• have i talked about this yet? basically, i think we're getting thinner and thinner skin these days. couple that with a move in popular "right thinking" culture to thinking that government is the answer to all our problems, and you have a pretty bad mix. you don't have an inalienable right to not have your feelings hurt. government shouldn't be around to protect your feelings. neither should your school. i pretty much reject the idea of a safe space if that means you want a space where your feelings aren't going to be hurt by ideas you may not agree with. if, by safe space, you mean that there should be a space to safely explore all sorts of ideas, then i'm all for that. some people who seem to be doing this sort of exploration correctly are josh zepps, sam harris and glenn loury...they all have podcasts that do a pretty good job of exploring some interesting ideas in a mostly respectful way.

  • 9/5/17 (20:01)

  • the primary reason i buy so much on amazon, as opposed to everywhere else, is because it's easy. one click shopping. i can easily choose multiple shipping addresses, multiple cards (business, personal, shared account, etc.). i went to usps.com to buy some stamps and they wanted me to setup an account, a rectal examination, they want the name of my first love, the city i was born in...they want me to choose yet another fucking password to manage, etc. it's just too much fucking crap. i have too much stuff going on in my life as it is. too many customers asking me to do shit, too many passwords and shit to manage....just buy everything from amazon and my life is easier. maybe i pay a couple bucks more for the same coil of 100 stamps, but that's the profit that amazon gets for making my life easier. meanwhile, everyone else wants to make my life more difficult. my bank holds deposited funds for weeks. my sole employee calls in sick. my customers change shit on me left and right. ups doesn't pick up returns when they're supposed to. my tax preparer can't deliver my stubs in a consistent manner. my dumpster rental place doesn't work in richmond because they say richmond has an agreement with one rental company and won't allow anyone else to do business in town (she straight up called them the mob). basically, i can't rely on much these days, but at least amazon generally makes my life easier.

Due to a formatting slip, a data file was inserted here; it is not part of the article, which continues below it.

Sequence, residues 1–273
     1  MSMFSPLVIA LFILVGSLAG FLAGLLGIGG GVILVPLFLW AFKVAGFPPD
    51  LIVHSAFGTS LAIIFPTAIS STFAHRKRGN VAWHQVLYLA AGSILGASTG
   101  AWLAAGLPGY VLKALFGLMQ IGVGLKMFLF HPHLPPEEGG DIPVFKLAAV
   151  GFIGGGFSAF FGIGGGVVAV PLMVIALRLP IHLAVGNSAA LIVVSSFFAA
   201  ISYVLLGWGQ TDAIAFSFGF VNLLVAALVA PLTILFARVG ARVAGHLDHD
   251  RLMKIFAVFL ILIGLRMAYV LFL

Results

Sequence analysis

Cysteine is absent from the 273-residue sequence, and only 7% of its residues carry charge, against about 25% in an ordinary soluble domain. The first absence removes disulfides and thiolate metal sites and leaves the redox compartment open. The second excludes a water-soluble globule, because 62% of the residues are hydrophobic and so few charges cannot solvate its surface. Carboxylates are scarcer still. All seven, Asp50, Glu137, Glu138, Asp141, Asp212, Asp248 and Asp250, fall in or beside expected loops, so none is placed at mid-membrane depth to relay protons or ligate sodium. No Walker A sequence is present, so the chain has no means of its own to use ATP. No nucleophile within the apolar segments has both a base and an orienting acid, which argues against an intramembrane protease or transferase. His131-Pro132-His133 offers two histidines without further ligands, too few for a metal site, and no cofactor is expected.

• been very hot here lately. it was 92 in the house the other day. trying to sleep when it's that hot kinda sucks. the girls have fans, but we don't. it's also warmer upstairs so it's probably about even. they were great about it.
  • i need to listen to more music.